Perry v. Briggs et al

Filing 14

MEMORANDUM (Order to follow as separate docket entry) re 12 Amended Complaint, filed by Kevin Perry. Signed by Chief Judge Matthew W. Brann on 7/3/2024. (ea)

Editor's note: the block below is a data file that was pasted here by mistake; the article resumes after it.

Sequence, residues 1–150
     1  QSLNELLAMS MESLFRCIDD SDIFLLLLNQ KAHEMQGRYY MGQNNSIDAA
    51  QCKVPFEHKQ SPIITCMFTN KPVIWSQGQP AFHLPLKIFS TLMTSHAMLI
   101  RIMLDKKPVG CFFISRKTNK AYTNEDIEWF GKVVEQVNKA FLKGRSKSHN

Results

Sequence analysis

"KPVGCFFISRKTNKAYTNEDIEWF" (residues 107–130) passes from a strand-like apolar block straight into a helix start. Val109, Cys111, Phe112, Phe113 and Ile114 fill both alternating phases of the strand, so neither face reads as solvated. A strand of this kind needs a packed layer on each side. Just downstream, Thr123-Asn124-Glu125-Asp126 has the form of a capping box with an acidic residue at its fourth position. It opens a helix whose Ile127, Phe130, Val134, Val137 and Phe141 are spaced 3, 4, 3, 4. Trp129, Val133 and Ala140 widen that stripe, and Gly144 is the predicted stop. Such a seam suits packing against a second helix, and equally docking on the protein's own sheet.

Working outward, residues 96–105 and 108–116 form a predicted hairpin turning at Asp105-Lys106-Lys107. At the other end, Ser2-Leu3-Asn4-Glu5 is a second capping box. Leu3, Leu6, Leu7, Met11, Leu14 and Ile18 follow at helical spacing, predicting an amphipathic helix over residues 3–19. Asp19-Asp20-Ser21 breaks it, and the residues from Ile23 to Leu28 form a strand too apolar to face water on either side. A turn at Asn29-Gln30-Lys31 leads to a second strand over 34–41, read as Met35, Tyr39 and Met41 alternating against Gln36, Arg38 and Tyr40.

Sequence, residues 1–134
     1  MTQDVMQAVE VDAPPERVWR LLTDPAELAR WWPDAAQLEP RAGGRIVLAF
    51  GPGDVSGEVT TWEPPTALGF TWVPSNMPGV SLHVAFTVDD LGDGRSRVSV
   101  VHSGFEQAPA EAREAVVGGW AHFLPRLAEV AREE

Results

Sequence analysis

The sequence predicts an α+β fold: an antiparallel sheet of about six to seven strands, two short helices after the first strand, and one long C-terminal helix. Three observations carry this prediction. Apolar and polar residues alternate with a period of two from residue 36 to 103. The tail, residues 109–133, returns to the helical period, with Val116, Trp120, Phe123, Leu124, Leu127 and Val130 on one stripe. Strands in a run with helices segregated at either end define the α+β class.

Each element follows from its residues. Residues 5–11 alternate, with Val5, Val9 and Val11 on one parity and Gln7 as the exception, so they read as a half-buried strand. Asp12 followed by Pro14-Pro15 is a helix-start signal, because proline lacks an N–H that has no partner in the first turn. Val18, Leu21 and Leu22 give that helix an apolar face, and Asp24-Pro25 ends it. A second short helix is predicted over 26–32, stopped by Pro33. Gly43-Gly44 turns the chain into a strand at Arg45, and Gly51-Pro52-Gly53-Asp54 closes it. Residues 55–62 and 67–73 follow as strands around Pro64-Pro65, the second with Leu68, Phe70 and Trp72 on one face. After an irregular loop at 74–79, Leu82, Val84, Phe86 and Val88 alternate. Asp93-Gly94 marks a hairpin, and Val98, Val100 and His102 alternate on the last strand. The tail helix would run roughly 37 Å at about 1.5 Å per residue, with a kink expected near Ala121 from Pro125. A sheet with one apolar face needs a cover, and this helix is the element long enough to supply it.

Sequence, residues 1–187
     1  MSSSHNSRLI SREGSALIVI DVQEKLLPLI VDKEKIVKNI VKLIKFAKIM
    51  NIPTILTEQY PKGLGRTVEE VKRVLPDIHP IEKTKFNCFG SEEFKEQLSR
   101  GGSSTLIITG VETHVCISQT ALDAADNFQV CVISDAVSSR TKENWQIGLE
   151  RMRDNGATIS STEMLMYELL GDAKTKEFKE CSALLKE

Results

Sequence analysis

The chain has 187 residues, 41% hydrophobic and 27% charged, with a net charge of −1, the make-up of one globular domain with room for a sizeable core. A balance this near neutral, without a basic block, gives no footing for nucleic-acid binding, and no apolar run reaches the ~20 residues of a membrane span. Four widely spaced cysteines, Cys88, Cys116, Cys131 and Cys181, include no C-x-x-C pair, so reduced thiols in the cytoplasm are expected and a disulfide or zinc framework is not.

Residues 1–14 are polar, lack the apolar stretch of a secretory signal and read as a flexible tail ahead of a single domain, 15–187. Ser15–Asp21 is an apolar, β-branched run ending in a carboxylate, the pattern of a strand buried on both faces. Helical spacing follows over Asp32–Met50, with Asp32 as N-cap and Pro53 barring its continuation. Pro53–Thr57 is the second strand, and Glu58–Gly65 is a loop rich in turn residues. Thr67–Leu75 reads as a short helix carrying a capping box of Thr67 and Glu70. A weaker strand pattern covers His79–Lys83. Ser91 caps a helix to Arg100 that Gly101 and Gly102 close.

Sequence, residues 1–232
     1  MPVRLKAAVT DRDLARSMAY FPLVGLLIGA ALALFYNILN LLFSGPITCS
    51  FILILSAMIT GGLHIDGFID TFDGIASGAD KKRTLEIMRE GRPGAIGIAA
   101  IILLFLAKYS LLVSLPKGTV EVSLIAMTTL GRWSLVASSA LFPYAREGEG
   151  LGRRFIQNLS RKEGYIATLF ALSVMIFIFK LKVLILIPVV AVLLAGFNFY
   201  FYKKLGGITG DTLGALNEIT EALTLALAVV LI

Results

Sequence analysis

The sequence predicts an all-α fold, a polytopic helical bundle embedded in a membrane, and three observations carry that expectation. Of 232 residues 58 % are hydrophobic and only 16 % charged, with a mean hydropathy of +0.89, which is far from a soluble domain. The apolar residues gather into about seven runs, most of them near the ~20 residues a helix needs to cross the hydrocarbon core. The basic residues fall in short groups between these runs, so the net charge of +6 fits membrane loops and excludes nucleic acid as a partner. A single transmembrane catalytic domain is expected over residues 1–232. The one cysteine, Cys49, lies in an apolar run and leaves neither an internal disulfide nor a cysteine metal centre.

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IN THE UNITED STATES DISTRICT COURT FOR THE MIDDLE DISTRICT OF PENNSYLVANIA KEVIN SHAKOY PERRY, No. 4:24-CV-00017 Plaintiff, (Chief Judge Brann) v. GREGORY C. BRIGGS, et al., Defendants. MEMORANDUM OPINION JULY 3, 2024 Plaintiff Kevin Shakoy Perry filed the instant pro se civil rights lawsuit alleging constitutional torts by Dauphin County Prison officials. His Section 19831 claims sound in deliberate indifference to serious medical needs. Perry’s initial complaint was dismissed for failure to state a claim for relief pursuant to 28 U.S.C. § 1915A(b)(1). His amended complaint likewise suffered from material pleading deficiencies and was dismissed under Section 1915A(b)(1). Presently pending is Perry’s second amended complaint, his third attempt to plead plausible Section 1983 claims. The Court will dismiss in part the second amended complaint for failure to state a claim upon which relief may be granted. 1   42 U.S.C. § 1983. Section 1983 creates a private cause of action to redress constitutional wrongs committed by state officials. The statute is not a source of substantive rights; it serves as a mechanism for vindicating rights otherwise protected by federal law. See Gonzaga Univ. v. Doe, 536 U.S. 273, 284-85 (2002). I. STANDARDS OF REVIEW Courts are statutorily obligated to review, “as soon as practicable,” pro se prisoner complaints targeting governmental entities, officers, or employees.2 One basis for dismissal at the screening stage is if the complaint “fails to state a claim upon which relief may be granted[.]”3 This language closely tracks Federal Rule of Civil Procedure 12(b)(6). Accordingly, courts apply the same standard to screening a pro se prisoner complaint for sufficiency under Section 1915A(b)(1) as they utilize when resolving a motion to dismiss under Rule 12(b)(6).4 In deciding a Rule 12(b)(6) motion to dismiss, courts should not inquire “whether a plaintiff will ultimately prevail but whether the claimant is entitled to offer evidence to support the claims.”5 The court must accept as true the factual allegations in the complaint and draw all reasonable inferences from them in the light most favorable to the plaintiff.6 In addition to the facts alleged on the face of the complaint, the court may also consider “exhibits attached to the complaint, matters of public record, as well as undisputedly authentic documents” attached to 2 3 4 5 6   See 28 U.S.C. § 1915A(a). Id. § 1915A(b)(1). See Grayson v. Mayview State Hosp., 293 F.3d 103, 109-10 & n.11 (3d Cir. 2002); O’Brien v. U.S. Fed. Gov’t, 763 F. App’x 157, 159 & n.5 (3d Cir. 2019) (per curiam) (nonprecedential); cf. Allah v. Seiverling, 229 F.3d 220, 223 (3d Cir. 2000). Scheuer v. Rhodes, 416 U.S. 232, 236 (1974); see Nami v. Fauver, 82 F.3d 63, 66 (3d Cir. 1996). Phillips v. County of Allegheny, 515 F.3d 224, 229 (3d Cir. 2008).   2   a defendant’s motion to dismiss if the plaintiff’s claims are based upon these documents.7 When the sufficiency of a complaint is challenged, the court must conduct a three-step inquiry.8 At step one, the court must “tak[e] note of the elements [the] plaintiff must plead to state a claim.”9 Second, the court should distinguish wellpleaded factual allegations—which must be taken as true—from mere legal conclusions, which “are not entitled to the assumption of truth” and may be disregarded.10 Finally, the court must review the presumed-truthful allegations “and then determine whether they plausibly give rise to an entitlement to relief.”11 Deciding plausibility is a “context-specific task that requires the reviewing court to draw on its judicial experience and common sense.”12 Because Perry proceeds pro se, his pleadings are to be liberally construed and his second amended complaint, “however inartfully pleaded, must be held to less stringent standards than formal pleadings drafted by lawyers[.]”13 This is particularly true when the pro se litigant, like Perry, is incarcerated.14 7 8 9 10 11 12 13 14   Mayer v. Belichick, 605 F.3d 223, 230 (3d Cir. 2010) (citing Pension Benefit Guar. Corp. v. White Consol. Indus., 998 F.2d 1192, 1196 (3d Cir. 1993)). Connelly v. Lane Const. Corp., 809 F.3d 780, 787 (3d Cir. 2016) (internal citations and quotation marks omitted) (footnote omitted). Id. (quoting Ashcroft v. Iqbal, 556 U.S. 662, 675 (2009) (alterations in original)). Id. (quoting Iqbal, 556 U.S. at 679). Id. (quoting Iqbal, 556 U.S. at 679). Iqbal, 556 U.S. at 681. Erickson v. Pardus, 551 U.S. 89, 94 (2007) (per curiam) (citations omitted). Dooley v. Wetzel, 957 F.3d 366, 374 (3d Cir. 2020) (citation omitted).   3   II. DISCUSSION In his second amended complaint, Perry names five defendants: Warden Gregory C. Briggs, Deputy Warden Bruce LeValley, Deputy Warden Lionell Pierre, Health Service Administrator (HSA) Justin M. Lensbower, and Dr. Theodore Dimitri.15 For the first time, Perry asserts that he is a pretrial detainee rather than a convicted and sentenced prisoner.16 He alleges that all Defendants are liable for “Eighth Amendment violations” for “deliberate indifference and cruel and unusual punishment,”17 but in essence his claims assert deliberate indifference to serious medical needs.18 He seeks monetary damages and litigation costs.19 Pursuant to 28 U.S.C. § 1915A(a), the Court will address the sufficiency of Perry’s medical indifference claims against the named Defendants. A. Fourteenth Amendment Medical Indifference As noted above, Perry is a pretrial detainee, so his claims implicate the Due Process Clause of the Fourteenth Amendment rather than the Eighth Amendment’s 15 16 17 18 19   See Doc. 12 at 2-3. See id. at 2. Id. at 5, 11. Although Perry invokes the Eighth Amendment, he now claims he is a pretrial detainee (not a convicted prisoner), so his medical indifference claims implicate the Due Process Clause of the Fourteenth Amendment, not the Eighth Amendment’s prohibition of cruel and unusual punishments. See Jacobs v. Cumberland County, 8 F.4th 187, 193-94 (3d Cir. 2021); Thomas v. Cumberland County, 749 F.3d 217, 223 n.4 (3d Cir. 2014); Hubbard v. Taylor, 399 F.3d 150, 164 (3d Cir. 2005) (Hubbard I); see also Paulino v. Burlington Cnty. Jail, 438 F. App’x 106 (3d Cir. 2011) (nonprecedential) (explaining that “sentenced prisoners are protected from punishment that is ‘cruel and unusual,’ while pretrial detainees are protected from any punishment” (citing Hubbard I, 399 F.3d at 166-67)). Doc. 12 at 5, 11.   4   cruel-and-unusual-punishments provision. However, it does not appear that the United States Court of Appeals for the Third Circuit has established or adhered to a different standard with respect to Fourteenth Amendment pretrial detainee medical care claims versus those raised by incarcerated individuals under the Eighth Amendment.20 Accordingly, the Court will apply existing Eighth Amendment jurisprudence to Perry’s Fourteenth Amendment medical indifference claims. In the context of prison medical care, the Eighth Amendment “requires prison officials to provide basic medical treatment to those whom it has incarcerated.”21 To state an Eighth Amendment deliberate indifference claim regarding inadequate medical care, a plaintiff must plausibly plead “(i) a serious medical need, and (ii) acts or omissions by prison officials that indicate deliberate indifference to that need.”22 A serious medical need is “one that has been diagnosed by a physician as requiring treatment or one that is so obvious that a lay person would easily recognize the necessity for a doctor’s attention.”23 20 21 22 23   This remains so even following the Supreme Court of the United States’ decision in Kingsley v. Hendrickson, 576 U.S. 389 (2015), which established a different standard for pretrial detainee excessive force claims. See Thomas v. City of Harrisburg, 88 F.4th 275, 281 & n.23 (3d Cir. 2023) (applying Eighth Amendment standard to pretrial detainee’s medical care claim); see also Parker v. Butler County, 832 F. App’x 777, 780 & n.1 (3d Cir. 2020) (nonprecedential) (applying Eighth Amendment standard to pretrial detainee medical care claim while acknowledging Fourteenth Amendment is source of right); Miller v. Steele-Smith, 713 F. App’x 74, 76 n.1, 78 (3d Cir. 2017) (nonprecedential) (same); Goode v. Giorla, 643 F. App’x 127, 129 & n.3 (3d Cir. 2016) (nonprecedential) (same); Edwards v. Northampton County, 663 F. App’x 132, 136-37 (3d Cir. 2016) (nonprecedential) (citing Natale v. Camden Cnty Corr. Facility, 318 F.3d 575, 581 (3d Cir. 2003)). Rouse v. Plantier, 182 F.3d 192, 197 (3d Cir. 1999). Natale v. Camden Cnty. Corr. Facility, 318 F.3d 575, 582 (3d Cir. 2003). Monmouth Cnty. Corr. Inst. Inmates v. Lanzaro, 834 F.2d 326, 347 (3d Cir. 1987).   5   Deliberate indifference by prison officials may be evidenced by intentional refusal to provide care known to be medically necessary, delayed provision of medical treatment for non-medical reasons, denial of prescribed medical treatment, or denial of reasonable requests for treatment resulting in suffering or risk of injury.24 Deliberate indifference to serious medical needs is an exacting standard, requiring a showing of “unnecessary and wanton infliction of pain.”25 Claims sounding in mere medical negligence will not suffice.26 Perry alleges that he had recurrent toe infections that were mistreated by medical providers at Dauphin County Prison over the course of several months.27 He claims that these infections resulted in a third of his toe and toenail being “cut,” “tissue damage,” nerve damage, pain and swelling, discoloration, and permanent injury to his toe causing partial loss of balance.28 These allegations are sufficient to state a serious medical need. As to defendants Warden Briggs, Deputy Warden LeValley, and Deputy Warden Pierre, Perry has plausibly alleged deliberate indifference to serious medical needs. Perry avers that, as his toe infection worsened and he continued to suffer from inadequate in-house care, he sent biweekly request slips to these prison 24 25 26 27 28   See Durmer v. O’Carroll, 991 F.2d 64, 68 & n.11 (3d Cir. 1993) (quoting Lanzaro, 834 F.2d at 346). Estelle v. Gamble, 429 U.S. 97, 104 (1976) (citation omitted). Rouse, 182 F.3d at 197. See Doc. 12 at 10. Id. at 5, 10.   6   officials asking for additional or outside treatment. He maintains that he informed them that he was experiencing “severe pain” and that his infection was worsening but they did not take any corrective action. Finally, Perry alleges that his family members repeatedly contacted the prison on his behalf to implore officials to provide Perry with better care, but that such requests were fruitless. Taken as true, these allegations suffice to state deliberate indifference to a serious medical need. Perry’s claims against HSA Lensbower and Dr. Dimitri fall short. As to Lensbower, Perry simply regurgitates his allegations regarding communication with other prison officials or medical providers and maintains that, as the Health Service Administrator, Lensbower “is supposed to make sure his staff is making sure its staff is free from committing [negligent or constitutionally violative] actions.”29 Such pleading is the quintessential example of respondeat superior liability, which does not apply in Section 1983 actions.30 Rather, a Section 1983 plaintiff must alleged personal involvement by the defendant in the purported constitutional misconduct.31 None of Perry’s allegations indicate that Lensbower was personally involved in the alleged constitutional violations, and therefore any Section 1983 claim against Lensbower must be dismissed. 29 30 31   Id. at 12. See Rode v. Dellarciprete, 845 F.2d 1195, 1207 (3d Cir. 1988) (citations omitted); see also Ashcroft v. Iqbal, 556 U.S. 662, 676 (2009) (affirming same principle in Bivens context). Dooley, 957 F.3d at 374 (citing Rode, 845 F.2d at 1207).   7   As to Dr. Dimitri, Perry’s allegations at most reflect professional negligence (i.e., medical malpractice). Perry alleges that Dr. Dimitri “gave [him] multiple different antibiotics,” attempted to surgically address his ingrown toenail, saw him multiple times, and otherwise provided care that ended up being ineffective before sending him for outside treatment with a dermatologist.32 Perry does not claim, for example, that Dr. Dimitri failed to treat him, denied him prescribed treatment, or delayed treatment for nonmedical reasons. Instead, Perry merely questions Dr. Dimitri’s professional competency and treatment choices. These types of allegations do not reflect “unnecessary and wanton infliction of pain.” Instead, they sound in professional negligence only, which does not suffice to state a claim of deliberate indifference to serious medical needs.33 B. Leave to Amend Generally, “plaintiffs who file complaints subject to dismissal under [the Prison Litigation Reform Act of 1995] should receive leave to amend unless amendment would be inequitable or futile.”34 Further leave to amend will be denied because Perry has failed to cure numerous deficiencies with his pleadings even after “amendments previously allowed.”35 Perry, in fact, has had three 32 33 34 35   See Doc. 12 at 23-27. Rouse, 182 F.3d at 197. Grayson, 293 F.3d at 114. See Foman v. Davis, 371 U.S. 178, 182 (1962); Jones v. Unknown D.O.C. Bus Driver & Transp. Crew, 944 F.3d 478, 483 (3d Cir. 2019) (concluding that, where inmate plaintiff “has already had two chances to tell his story,” providing “further leave to amend would be futile”).   8   opportunities to attempt to state his Section 1983 claims. This case, therefore, will continue only as to Perry’s Fourteenth Amendment medical indifference claims against defendants Briggs, LeValley, and Pierre. III. CONCLUSION Based on the foregoing, the Court will dismiss Perry’s Section 1983 claims against defendants Lensbower and Dr. Dimitri under 28 U.S.C. § 1915A(b)(1) because Perry fails to state a claim upon which relief may be granted. This case will proceed on Perry’s Fourteenth Amendment medical indifference claims against defendants Briggs, LeValley, and Pierre only. An appropriate Order follows. BY THE COURT: s/ Matthew W. Brann Matthew W. Brann Chief United States District Judge   9